September 01, 2013
3 min read

Surgeons theorize dysfunctional lens syndrome to be root cause of visual dysfunction in baby boomers

Dysfunctional lens replacement may be the most appropriate treatment for the source of visual dysfunction.

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Presbyopia is ubiquitous, affecting virtually everyone in middle age. Existing treatments for presbyopia include monovision, multifocal ablation, corneal inlays and refractive lens exchange.

Because refractive lens exchange, also known as dysfunctional lens replacement (DLR), is not covered by insurance, younger patients who are unable or unwilling to pay out-of-pocket may forego treatment. Some ophthalmologists use the term “dysfunctional lens syndrome” to show these patients why their vision is deteriorating and why DLR is a viable alternative to LASIK.

Some surgeons recommend that patients undergo DLR early, rather than have LASIK early and cataract surgery later. One procedure is better than two, according to George O. Waring IV, MD.

For patients who come into his office complaining that their LASIK “wore off,” Waring informs them that it did not; rather, their aging lens continued to become more dysfunctional.

The root cause of presbyopia is the lens, not the cornea, he said, so exchanging the lens gives the patient a permanent solution.

George O. Waring IV, MD

George O. Waring IV

Furthermore, lens-based surgery is a better option than LASIK for many patients who have age-related dry eye that may worsen after LASIK, Waring said.

Disease definition and progression

Waring prefers the term “dysfunctional lens syndrome” as an alternative to “pre-cataract” because pre-cataract suggests that the condition is not serious and does not merit treatment just because it is not a cataract.

“Anytime you have multiple dysfunctions, it’s basically a syndrome,” he said. “Here we have multiple characteristic age-related changes of the lens.”

“It’s not OK because we commonly get these patients who are in their early 60s and they don’t qualify for cataract surgery, and they stopped driving at night years ago because of their dysfunctional lens,” Waring said. “They had been told that their cataracts weren’t ripe or that they had a pre-cataract. So, they didn’t really think that they had an option to do anything … That’s one subset of patients whom we can help by educating them to show them that they just have a dysfunctional lens and that we can help them.”

Dysfunctional lens syndrome is an age-related degenerative cascade that runs the gamut from lens stiffening and loss of accommodation to visually significant cataract. It is multifaceted. First, nuclear sclerosis and subtle cortical changes cause forward light scatter, loss of contrast sensitivity and glare. Then, the lens becomes stiffer and loses the ability to accommodate. Finally, changes induce spherical aberrations that reduce quality of vision, Waring said.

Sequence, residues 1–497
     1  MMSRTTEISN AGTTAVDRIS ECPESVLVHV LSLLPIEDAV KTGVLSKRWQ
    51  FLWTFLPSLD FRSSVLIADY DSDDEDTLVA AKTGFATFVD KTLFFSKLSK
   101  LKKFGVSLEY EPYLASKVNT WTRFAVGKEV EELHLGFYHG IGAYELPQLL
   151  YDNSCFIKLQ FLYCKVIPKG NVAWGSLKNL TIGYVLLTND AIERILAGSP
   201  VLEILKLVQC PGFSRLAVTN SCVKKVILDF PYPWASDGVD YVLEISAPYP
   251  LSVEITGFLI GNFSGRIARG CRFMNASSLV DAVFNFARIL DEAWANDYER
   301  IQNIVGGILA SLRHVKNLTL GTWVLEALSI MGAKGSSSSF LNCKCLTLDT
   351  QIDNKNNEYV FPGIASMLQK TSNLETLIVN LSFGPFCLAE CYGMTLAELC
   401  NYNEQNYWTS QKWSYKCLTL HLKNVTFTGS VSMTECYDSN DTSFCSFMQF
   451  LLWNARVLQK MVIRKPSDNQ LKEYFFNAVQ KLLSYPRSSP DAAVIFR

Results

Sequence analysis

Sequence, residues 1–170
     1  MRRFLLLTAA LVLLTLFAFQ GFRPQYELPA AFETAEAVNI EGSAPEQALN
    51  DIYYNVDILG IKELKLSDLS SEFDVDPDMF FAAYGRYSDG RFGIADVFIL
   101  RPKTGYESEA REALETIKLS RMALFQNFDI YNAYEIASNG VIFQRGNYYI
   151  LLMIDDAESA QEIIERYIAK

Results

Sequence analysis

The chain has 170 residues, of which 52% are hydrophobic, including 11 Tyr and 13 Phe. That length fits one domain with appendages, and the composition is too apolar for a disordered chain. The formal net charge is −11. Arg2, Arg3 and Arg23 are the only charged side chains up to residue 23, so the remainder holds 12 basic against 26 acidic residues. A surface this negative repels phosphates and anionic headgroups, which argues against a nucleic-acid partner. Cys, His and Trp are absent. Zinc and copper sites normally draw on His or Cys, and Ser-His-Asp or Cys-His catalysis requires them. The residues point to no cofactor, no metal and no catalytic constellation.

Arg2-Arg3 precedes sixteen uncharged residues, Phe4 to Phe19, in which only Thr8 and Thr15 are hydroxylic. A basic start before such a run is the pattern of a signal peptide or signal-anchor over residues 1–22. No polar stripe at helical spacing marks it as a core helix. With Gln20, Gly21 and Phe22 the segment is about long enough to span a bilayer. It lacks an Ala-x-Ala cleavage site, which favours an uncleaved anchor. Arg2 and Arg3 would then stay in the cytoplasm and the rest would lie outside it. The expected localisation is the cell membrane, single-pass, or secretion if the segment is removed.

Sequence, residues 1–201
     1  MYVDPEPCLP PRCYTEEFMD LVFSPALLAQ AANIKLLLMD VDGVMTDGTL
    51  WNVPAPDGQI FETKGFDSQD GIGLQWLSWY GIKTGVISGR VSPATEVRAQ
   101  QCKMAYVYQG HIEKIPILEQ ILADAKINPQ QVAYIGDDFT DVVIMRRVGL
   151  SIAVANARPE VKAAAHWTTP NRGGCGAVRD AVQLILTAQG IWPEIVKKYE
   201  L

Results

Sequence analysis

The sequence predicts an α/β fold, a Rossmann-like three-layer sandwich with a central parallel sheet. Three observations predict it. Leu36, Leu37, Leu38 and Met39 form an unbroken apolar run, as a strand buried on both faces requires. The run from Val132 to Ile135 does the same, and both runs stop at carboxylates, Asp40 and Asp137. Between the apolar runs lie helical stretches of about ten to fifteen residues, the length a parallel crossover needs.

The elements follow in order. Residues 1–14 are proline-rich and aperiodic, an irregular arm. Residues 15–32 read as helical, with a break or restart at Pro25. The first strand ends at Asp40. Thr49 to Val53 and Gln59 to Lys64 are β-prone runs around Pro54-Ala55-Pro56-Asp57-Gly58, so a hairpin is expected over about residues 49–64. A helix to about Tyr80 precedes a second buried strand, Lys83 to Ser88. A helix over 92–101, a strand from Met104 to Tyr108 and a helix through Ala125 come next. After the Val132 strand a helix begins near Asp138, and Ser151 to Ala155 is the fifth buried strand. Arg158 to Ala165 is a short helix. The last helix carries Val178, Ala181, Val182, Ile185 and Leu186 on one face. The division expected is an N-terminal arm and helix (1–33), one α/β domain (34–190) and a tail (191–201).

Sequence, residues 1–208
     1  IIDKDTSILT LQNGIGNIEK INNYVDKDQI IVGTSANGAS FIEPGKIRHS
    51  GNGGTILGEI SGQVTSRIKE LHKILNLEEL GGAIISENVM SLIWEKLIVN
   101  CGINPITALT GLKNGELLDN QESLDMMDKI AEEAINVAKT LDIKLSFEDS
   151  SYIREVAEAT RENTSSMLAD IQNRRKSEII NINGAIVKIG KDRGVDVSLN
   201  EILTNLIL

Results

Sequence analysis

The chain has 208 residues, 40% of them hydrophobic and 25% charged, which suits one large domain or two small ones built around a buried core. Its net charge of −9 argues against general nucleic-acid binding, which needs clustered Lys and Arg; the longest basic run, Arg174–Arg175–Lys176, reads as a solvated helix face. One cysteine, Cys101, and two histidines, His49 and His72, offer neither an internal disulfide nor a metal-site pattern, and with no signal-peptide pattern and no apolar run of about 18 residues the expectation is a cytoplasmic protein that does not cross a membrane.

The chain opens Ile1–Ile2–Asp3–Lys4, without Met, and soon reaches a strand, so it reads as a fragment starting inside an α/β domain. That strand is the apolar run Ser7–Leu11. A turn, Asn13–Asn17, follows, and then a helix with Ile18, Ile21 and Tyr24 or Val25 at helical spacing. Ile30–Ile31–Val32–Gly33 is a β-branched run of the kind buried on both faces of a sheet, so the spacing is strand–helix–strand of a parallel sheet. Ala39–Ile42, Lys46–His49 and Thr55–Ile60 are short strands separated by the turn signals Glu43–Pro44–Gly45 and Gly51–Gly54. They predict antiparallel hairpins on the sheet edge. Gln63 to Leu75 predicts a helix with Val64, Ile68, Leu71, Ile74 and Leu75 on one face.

Diagnostics and patient education

To educate patients about the clinical value of DLR, Waring said he uses an analogy of two dirty windshields.

“The cornea is dirty because it’s out of focus because of their congenital refractive disorder. And then they’re looking through an inner windshield that is dirty, which is their nuclear sclerosis with all of the light scatter,” he said. “I could clean the outer windshield — perform laser vision correction — but then they’re still going to be looking through a dirty windshield on the inside with the aged dysfunctional lens. So, if you’re looking through one clean windshield and one dirty one, or vice versa, you’re still not going to see well.”

Therefore, from a quality of vision standpoint, it makes more sense to go forward with performing a lens replacement than it does to do LASIK, according to Waring.


Additionally, advanced diagnostic devices can be used to show patients some of the anatomic and optical signs of dysfunctional lens syndrome.

The Optical Quality Analysis System (HD Analyzer, Visiometrics) is a double-pass wavefront device that measures light scatter, Waring said.

“It does a simulation of what the vision would look like,” he said. “You can actually objectively show the patient the light scattering as it falls on the retina. They can see that it’s not a crystal-clear ray of light falling on the retina.”

Dilated slit lamp photography enables the surgeon to show the patient age-related nuclear and cortical changes in the lens. Dilated Scheimpflug photography has a densitometer that measures the density of lens opacities that cause light scatter, Waring said.

“It’s another objective measurement,” he said. “It’s like a giant CT scan or image of their dysfunctional lens. You take a patient on a digital tour of the eye.”

Diagnostic images help patients understand why DLR is preferable to LASIK, Waring said.

“All of a sudden, they have an ‘a-ha’ moment when you first show them with these advanced diagnostic techniques and devices why they’re not seeing well and why it makes sense to go straight to the source and do a dysfunctional lensectomy,” he said. – by Matt Hasson

  • George O. Waring, IV, MD, can be reached at the Medical University of South Carolina, Storm Eye Institute, 167 Ashley Ave., Charleston, SC 29425; 843-792-1414; email:
  • Disclosure: Waring has no relevant financial disclosures.